A global health pandemic has reshaped the way we work. Is it temporary, or are we learning lessons to carry forward?
In March 2020, we abandoned our offices en masse, trading them for kitchen counters and stools, coffee tables and couches, dining tables and desks in our homes. Some of us are sharing spaces with spouses, partners, roommates, children, or pets—life and work colliding in a new home circus.
As if in protest to our circumstances, we forged ahead, determined to adapt to our new surroundings, leaving our clients and colleagues none-the-wiser. Except, we are wiser.
Video conferencing has become the new norm for holding meetings, giving client presentations, collaborating, and keeping up with colleagues. A communication tool we have never relied on so heavily is now so fundamental for work, it can be difficult to remember a time when we used to meet face-to-face.
But video conferencing has also humanized business. Peering into the homes of our colleagues and clients, and inviting them into ours, like some strange pseudo-reboot of MTV Cribs, can lead us to understand one another on a deeper level. We see the challenges we are all overcoming daily and feel connected through a shared understanding of just how emotionally draining it can be. We make space for casualness, for interruptions, for life.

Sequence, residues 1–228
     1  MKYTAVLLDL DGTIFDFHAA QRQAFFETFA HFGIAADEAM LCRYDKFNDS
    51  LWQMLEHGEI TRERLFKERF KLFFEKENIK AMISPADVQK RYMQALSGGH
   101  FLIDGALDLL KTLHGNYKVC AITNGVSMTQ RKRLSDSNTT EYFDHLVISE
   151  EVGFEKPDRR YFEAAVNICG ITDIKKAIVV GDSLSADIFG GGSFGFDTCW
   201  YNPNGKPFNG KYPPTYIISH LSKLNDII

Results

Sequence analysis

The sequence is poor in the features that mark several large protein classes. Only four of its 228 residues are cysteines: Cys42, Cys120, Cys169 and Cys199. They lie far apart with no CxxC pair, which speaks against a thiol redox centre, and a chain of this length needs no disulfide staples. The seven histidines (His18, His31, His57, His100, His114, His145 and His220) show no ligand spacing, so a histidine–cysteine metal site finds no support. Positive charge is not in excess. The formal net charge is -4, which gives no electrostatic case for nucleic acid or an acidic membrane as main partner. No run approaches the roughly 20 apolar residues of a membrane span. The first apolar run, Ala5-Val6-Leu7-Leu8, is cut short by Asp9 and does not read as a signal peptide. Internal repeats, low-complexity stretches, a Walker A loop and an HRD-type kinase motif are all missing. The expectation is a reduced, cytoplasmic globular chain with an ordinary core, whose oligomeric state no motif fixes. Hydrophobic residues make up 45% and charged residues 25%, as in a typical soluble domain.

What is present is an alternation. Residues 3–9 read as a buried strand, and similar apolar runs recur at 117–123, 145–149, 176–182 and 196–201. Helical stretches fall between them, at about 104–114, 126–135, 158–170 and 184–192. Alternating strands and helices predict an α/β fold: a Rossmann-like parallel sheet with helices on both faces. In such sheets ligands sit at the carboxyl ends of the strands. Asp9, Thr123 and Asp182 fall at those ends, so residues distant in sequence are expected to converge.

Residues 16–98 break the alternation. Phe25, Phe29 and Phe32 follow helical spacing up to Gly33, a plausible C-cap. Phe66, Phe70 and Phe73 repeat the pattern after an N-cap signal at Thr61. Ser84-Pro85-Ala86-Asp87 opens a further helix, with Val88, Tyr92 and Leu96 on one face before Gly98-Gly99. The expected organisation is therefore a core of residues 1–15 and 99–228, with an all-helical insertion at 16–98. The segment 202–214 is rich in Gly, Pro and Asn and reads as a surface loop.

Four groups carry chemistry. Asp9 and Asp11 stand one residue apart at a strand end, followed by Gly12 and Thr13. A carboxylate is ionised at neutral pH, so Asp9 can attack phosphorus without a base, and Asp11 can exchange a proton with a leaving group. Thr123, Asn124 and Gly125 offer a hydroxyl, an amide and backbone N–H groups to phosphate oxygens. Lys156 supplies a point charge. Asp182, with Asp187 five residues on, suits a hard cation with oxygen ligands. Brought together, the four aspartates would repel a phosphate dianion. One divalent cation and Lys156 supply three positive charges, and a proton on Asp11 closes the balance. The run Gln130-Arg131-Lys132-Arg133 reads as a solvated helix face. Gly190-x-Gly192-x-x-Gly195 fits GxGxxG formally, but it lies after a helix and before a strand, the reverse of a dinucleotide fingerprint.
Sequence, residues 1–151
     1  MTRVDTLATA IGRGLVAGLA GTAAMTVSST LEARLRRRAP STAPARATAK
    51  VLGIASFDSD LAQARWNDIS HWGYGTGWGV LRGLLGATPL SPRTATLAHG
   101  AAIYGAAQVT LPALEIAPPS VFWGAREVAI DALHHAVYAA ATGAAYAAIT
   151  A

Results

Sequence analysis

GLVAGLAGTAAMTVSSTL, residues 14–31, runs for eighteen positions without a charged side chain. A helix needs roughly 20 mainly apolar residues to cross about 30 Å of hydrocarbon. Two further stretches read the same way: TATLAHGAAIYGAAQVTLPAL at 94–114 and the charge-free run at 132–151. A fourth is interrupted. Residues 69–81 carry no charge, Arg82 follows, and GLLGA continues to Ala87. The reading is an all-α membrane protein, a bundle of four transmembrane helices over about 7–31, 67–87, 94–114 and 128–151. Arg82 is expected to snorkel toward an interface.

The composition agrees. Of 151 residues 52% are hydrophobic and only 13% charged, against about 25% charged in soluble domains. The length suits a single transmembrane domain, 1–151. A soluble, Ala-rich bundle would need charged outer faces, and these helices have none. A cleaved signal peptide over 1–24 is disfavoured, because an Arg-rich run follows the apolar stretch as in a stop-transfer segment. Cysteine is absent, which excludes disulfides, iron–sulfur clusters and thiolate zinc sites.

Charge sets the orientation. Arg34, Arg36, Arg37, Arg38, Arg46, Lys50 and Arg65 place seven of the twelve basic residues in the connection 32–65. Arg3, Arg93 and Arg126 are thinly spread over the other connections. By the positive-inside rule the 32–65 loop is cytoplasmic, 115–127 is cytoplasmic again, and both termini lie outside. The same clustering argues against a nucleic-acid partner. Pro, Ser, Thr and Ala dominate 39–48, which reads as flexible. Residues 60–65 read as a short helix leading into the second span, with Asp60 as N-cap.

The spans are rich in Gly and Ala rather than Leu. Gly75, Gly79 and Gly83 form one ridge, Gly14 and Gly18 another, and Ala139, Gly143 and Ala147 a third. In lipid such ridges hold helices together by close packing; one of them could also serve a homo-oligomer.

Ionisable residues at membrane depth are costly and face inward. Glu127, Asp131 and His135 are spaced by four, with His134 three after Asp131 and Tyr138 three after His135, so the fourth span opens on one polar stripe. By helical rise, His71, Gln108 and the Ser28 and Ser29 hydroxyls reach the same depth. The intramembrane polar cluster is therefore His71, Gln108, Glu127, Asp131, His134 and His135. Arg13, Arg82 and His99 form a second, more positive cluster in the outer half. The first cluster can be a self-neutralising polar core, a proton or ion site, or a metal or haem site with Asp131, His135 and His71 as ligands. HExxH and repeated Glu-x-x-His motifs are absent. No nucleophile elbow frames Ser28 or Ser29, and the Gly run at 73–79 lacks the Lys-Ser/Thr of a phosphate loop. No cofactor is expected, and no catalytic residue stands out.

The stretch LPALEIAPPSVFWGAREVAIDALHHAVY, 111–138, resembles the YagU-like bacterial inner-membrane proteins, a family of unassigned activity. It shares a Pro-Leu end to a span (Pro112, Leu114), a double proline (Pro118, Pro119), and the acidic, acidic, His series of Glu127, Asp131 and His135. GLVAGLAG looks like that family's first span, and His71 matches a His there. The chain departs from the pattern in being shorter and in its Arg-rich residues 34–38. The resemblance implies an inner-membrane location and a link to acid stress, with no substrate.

When we emerge from our homes, can we maintain that space? Will we be more patient and supportive of each other? How can we leverage a deeper understanding of one another and redesign our businesses to be more mutually beneficial?
The pandemic has challenged us to adapt and grow in ways that would have been difficult to predict a year ago. Post-pandemic, we will be presented with an opportunity to affect change. Can we rise to meet it?
BIO/ Mark Hillmer, OALA, is a member of the Ground Editorial Board and a Landscape Architect working for a multi-disciplinary design firm in Toronto.